NCRA member’s CART work featured in local paper

JCR: Journal of Court Reporting, TheJCR.com, JCR WeeklyOn July 11, the Northwest Boomer and Senior News posted an article featuring NCRA member Elizabeth Archer, a CART captioner in Portland, Ore. Archer is the owner of Archer Captioning.

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2016 Court Reporting & Captioning Week gains traction in media coverage

Court Reporting & Captioning Week has put a number of NCRA members in the media spotlight, sharing information with viewers and readers about the vast number of opportunities available in the field.

Kicking off the week, Christine Phipps, RPR, owner of Phipps Reporting in West Palm Beach, Fla., was featured in a story aired by CBS affiliate channel 12, while NCRA Past President Nancy Varallo, RDR, CRR, owner of The Varallo Group in Worcester, Mass., joined NCRA member Kathy Silva, RPR, CRR, a freelancer from Andover, Mass., in a story that aired on Mass Appeal.

Appearing in print on behalf of NCRA and the court reporting and captioning professions were NCRA members Donna Cascio, RDR, CMRS, an official court reporter from Somerset, Pa., who was interviewed by the Somerset Daily American, and Melanie Oldham, an official court reporter from Athens, Texas, who was interviewed by the Athens Daily Review. Additional coverage is expected to be generated throughout the week.

NCRA President Steve Zinone, RPR, an official court reporter from Pittsfield, N.Y., joined Tonya Kaiser, RPR, CMRS, a freelance reporter from Fort Wayne and president of the Indiana Court Reporters Association; Susan Gee, RMR, CRR, a freelance reporter from Cincinnati and president-elect of the Ohio Court Reporters Association; and Kathy McHugh, RPR, CRR, a freelance reporter from Philadelphia and president of the Pennsylvania Court Reporters Association in a panel discussion at the College of Court Reporting, in Hobart, Ind., on Feb. 15. The discussion, which took place online via the college’s Blackboard Collaborate, was hosted by CCR President Jeff Moody. More than 30 participants joined the discussion to hear what the panelists had to say about the greatest challenges they faced in court reporting school and how they overcame them, as well as how they were motivated to become leaders within their associations, the benefits of membership at the state and local levels, and the importance of certification. The hour-long session was recorded and can be heard here.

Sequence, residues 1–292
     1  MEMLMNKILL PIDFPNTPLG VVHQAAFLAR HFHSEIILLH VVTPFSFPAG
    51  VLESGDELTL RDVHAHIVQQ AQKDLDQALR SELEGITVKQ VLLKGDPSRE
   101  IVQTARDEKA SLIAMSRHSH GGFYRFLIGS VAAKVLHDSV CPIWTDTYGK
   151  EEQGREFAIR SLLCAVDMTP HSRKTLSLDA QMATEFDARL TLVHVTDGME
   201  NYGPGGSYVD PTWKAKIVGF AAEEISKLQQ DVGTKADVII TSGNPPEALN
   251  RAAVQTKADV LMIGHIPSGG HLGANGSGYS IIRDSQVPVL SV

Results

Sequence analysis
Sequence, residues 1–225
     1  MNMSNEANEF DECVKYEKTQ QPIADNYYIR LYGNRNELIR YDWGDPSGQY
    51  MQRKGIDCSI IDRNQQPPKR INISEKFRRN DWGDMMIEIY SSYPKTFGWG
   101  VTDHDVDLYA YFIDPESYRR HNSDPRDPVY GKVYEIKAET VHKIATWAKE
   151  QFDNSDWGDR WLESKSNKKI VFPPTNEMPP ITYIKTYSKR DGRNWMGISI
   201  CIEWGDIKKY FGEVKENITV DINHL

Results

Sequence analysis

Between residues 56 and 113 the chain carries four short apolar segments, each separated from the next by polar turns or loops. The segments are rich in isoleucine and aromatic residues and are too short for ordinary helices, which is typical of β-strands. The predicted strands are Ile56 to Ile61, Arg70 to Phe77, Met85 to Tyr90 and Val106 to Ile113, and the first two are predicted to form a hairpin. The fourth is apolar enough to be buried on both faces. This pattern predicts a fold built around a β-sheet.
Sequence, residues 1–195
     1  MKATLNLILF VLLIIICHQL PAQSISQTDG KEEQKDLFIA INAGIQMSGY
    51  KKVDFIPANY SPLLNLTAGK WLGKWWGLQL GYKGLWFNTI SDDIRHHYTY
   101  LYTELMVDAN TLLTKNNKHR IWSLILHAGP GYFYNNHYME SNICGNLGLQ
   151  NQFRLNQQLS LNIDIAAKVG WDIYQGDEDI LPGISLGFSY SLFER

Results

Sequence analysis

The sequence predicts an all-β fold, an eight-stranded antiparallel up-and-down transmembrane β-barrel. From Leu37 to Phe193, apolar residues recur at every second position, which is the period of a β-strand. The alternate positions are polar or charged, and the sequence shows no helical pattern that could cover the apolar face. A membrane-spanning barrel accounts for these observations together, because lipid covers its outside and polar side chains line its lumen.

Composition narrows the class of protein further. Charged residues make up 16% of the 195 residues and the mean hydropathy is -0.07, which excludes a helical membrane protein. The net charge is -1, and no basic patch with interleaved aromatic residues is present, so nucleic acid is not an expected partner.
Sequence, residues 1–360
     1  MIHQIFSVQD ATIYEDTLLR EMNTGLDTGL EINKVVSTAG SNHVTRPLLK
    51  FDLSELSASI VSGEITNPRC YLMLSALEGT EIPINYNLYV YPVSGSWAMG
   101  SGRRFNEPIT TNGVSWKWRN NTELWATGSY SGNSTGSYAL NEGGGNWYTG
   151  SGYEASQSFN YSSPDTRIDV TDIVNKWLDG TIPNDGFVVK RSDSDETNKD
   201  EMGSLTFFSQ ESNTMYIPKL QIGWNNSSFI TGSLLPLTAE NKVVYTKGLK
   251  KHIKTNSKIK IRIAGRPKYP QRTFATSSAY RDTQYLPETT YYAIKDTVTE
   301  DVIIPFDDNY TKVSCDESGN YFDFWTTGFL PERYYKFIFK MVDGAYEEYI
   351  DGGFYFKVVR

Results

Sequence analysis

On Feb. 17, Zinone will visit Cuyahoga Community College in Cleveland, Ohio, where he will address students and faculty at the court reporting program. He is scheduled to deliver a keynote address at 2:30 p.m. ET which can be accessed via the college’s Smart TV channel online.

Official proclamations recognizing 2016 Court Reporting & Captioning Week from state and local lawmakers continue to be reported. To date, the following states have reported official proclamations: California, Colorado, Florida, Illinois, Kentucky, New Hampshire, New York, Ohio, Oregon, Texas, Virginia, and Washington. Local proclamations have also been issued in Miami-Date County, Fla.; Johnson County, Kan.; Louisville, Ky.; Eugene, Ore.; and San Antonio, Texas.

Below are some of the latest activities happening during the week around the nation:

  • The New York State Court Reporters Association will host a variety of events during the week including meet and greets throughout the state.
  • Members of the Texas Court Reporters Association are will host a number of Veterans History Project events throughout the state.